Rhapsody in chocolate: 8 reasons to meet Rainbow City’s dark (chocolate) side
by Erin Williams
Special to The Star
Mar 31, 2013 | 4814 views |  0 comments | 16 16 recommendations | email to a friend | print
Photo: Special to The Star
Photo: Special to The Star
Sweet, savory, hard, liquid, white, dark — you’ll find it in every form in Rainbow City Saturday, as the city prepares to celebrate in the name of chocolate. On April 6, the Chocolate Festival will be teeming with the most revered of all candies. The festival dates back to 2006, when then-Chamber of Commerce president and CEO Tom Quinn approached the mayor with the idea. Since then, it has only grown in popularity. If you’re looking for a reason, festival coordinator Beth Lee thinks it’s pretty obvious why crowds flock to the “universal food.”

“‘Cause who doesn’t love chocolate?”

she says. “There are not many people that don’t indulge in chocolate, and anything chocolate raises their eyebrow and creates a smile.”

Admission is free, and that’s just the beginning. In honor of the festival’s eighth year, here are eight reasons not to miss what is arguably the most wonderful time of year.

1. Sample the competition

Chocolate’s ability to inspire creativity is put to the test in the Taste-Off, where local confectioners are invited to present their best cake, pie, cookie or “everything else chocolate.” Each entry must contain one ingredient of chocolate and is judged based on taste, visual appeal and preparation.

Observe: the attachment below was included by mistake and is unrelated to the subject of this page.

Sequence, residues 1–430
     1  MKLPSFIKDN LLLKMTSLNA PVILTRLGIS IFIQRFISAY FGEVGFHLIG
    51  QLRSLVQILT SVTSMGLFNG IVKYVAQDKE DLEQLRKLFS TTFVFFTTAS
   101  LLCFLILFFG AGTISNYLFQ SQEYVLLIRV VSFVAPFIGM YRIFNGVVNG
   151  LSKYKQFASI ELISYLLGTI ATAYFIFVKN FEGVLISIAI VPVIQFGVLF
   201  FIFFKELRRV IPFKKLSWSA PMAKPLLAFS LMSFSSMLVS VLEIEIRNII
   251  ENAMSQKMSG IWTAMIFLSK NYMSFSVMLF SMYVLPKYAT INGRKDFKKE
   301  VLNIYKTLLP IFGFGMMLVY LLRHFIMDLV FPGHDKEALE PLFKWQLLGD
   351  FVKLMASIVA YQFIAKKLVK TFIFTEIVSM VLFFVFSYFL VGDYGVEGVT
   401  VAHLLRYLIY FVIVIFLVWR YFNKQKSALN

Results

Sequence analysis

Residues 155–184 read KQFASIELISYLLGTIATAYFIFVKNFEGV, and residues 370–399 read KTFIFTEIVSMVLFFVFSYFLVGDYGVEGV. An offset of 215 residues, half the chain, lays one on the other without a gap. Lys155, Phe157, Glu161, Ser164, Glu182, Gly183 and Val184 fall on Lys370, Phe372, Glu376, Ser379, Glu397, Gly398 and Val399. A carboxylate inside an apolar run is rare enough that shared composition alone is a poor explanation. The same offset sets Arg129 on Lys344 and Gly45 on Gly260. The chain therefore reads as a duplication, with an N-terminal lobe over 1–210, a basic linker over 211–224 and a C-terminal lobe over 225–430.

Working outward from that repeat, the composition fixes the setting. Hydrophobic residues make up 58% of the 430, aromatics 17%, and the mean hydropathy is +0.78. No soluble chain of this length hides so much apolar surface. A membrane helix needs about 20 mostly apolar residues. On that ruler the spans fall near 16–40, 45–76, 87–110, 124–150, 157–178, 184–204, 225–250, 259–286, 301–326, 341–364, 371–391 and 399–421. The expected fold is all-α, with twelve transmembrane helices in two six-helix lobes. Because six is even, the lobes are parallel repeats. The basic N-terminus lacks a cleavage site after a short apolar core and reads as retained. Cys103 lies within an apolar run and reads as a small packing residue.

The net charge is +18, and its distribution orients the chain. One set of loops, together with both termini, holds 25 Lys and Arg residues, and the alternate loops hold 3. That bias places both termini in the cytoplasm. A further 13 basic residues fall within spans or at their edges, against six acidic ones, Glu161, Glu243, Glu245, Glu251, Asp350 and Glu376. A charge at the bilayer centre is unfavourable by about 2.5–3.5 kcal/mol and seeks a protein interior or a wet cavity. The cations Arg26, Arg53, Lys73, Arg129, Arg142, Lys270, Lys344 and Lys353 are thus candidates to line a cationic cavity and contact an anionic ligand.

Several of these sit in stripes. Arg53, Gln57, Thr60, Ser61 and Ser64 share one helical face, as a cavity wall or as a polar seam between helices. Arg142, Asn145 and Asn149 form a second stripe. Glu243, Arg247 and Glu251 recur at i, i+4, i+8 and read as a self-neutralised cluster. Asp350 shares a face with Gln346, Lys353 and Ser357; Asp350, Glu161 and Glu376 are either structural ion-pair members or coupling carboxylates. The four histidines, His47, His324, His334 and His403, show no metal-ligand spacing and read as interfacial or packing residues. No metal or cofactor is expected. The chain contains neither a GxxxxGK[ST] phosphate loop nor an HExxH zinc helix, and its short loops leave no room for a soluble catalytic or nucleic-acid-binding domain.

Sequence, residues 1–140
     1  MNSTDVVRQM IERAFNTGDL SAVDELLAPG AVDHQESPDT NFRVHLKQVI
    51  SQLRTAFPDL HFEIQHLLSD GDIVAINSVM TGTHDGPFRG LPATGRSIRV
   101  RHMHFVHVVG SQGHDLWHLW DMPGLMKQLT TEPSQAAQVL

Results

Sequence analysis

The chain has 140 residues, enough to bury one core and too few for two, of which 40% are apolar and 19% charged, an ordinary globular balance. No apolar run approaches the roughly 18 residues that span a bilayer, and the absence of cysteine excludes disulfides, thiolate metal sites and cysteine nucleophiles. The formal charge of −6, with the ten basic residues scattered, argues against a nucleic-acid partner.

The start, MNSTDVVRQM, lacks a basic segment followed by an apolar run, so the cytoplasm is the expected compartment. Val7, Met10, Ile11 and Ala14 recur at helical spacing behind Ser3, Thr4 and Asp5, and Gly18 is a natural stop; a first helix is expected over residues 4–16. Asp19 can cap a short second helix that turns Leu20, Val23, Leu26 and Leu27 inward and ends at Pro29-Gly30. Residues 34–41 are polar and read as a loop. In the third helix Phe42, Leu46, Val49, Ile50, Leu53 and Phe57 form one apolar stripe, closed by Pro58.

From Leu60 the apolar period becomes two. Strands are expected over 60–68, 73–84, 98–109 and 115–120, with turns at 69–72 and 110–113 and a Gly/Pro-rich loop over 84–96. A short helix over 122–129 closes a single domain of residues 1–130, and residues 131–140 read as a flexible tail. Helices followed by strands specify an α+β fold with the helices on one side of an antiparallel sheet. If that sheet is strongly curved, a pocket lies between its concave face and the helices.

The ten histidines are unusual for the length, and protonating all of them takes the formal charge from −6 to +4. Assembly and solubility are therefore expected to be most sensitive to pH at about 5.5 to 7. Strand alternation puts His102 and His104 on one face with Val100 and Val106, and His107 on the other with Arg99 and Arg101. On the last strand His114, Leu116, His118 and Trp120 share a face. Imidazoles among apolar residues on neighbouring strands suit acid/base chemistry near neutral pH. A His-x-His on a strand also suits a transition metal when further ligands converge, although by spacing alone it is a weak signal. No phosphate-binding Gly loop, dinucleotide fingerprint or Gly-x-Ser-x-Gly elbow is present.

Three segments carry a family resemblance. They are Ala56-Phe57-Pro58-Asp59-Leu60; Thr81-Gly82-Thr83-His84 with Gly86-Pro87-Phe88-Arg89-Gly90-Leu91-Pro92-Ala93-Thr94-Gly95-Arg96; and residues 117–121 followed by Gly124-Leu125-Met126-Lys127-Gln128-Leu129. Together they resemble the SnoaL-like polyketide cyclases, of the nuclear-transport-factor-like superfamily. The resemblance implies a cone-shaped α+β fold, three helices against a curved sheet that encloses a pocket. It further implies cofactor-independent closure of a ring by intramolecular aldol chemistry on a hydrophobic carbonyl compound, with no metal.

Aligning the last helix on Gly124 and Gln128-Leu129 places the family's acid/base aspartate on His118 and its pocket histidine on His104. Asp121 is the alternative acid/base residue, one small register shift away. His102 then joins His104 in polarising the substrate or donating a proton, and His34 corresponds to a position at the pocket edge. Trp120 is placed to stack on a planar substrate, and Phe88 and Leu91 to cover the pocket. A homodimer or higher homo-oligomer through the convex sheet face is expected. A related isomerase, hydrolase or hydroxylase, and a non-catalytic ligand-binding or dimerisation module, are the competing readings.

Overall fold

“It is unbelievable to see the creativity that these men and women ... bring,” said Lee. “The most elaborate perhaps was a chess board, where all the pieces were made out of white chocolate and dark chocolate … and that was awesome!”

After the judging takes place, the public is invited to sample the treats. “It’s a popular event after everything is done,” Lee said.

2. There’s a fountain for that

The 5-foot cascade of chocolate is back for a second year, with pretzels, marshmallows and rice cripsy treats just ready to be covered in the delicious goo. “The set up is just beautiful,” Lee said of the free-flowing confection. “They can come and dip it ... and just go through as many times as their taste buds will allow.”

3. Chug it, don’t toss it

The festival learned a valuable lesson in competitive chocolate consumption its first year, when they held a chocolate pudding eating contest.

“It was absolutely gross. We were seeing pudding coming out of people’s noses,” said Lee. Now the test of stomach strength sticks with chocolate milk. Contestants have a minute to drink up as much milk as they can — and they have to keep it down.

The number to beat? “I think some have done as many as maybe 10,” Lee said.

4. Oh Music, sweet music

On the festival stage, you’ll find a mix of bluegrass, gospel, country and more. Headliners this year include Beatles cover band The Return, and Kate Falcon, a superstar in the making who has the approval of country legends Travis Tritt, Ronnie McDowell and Martina McBride.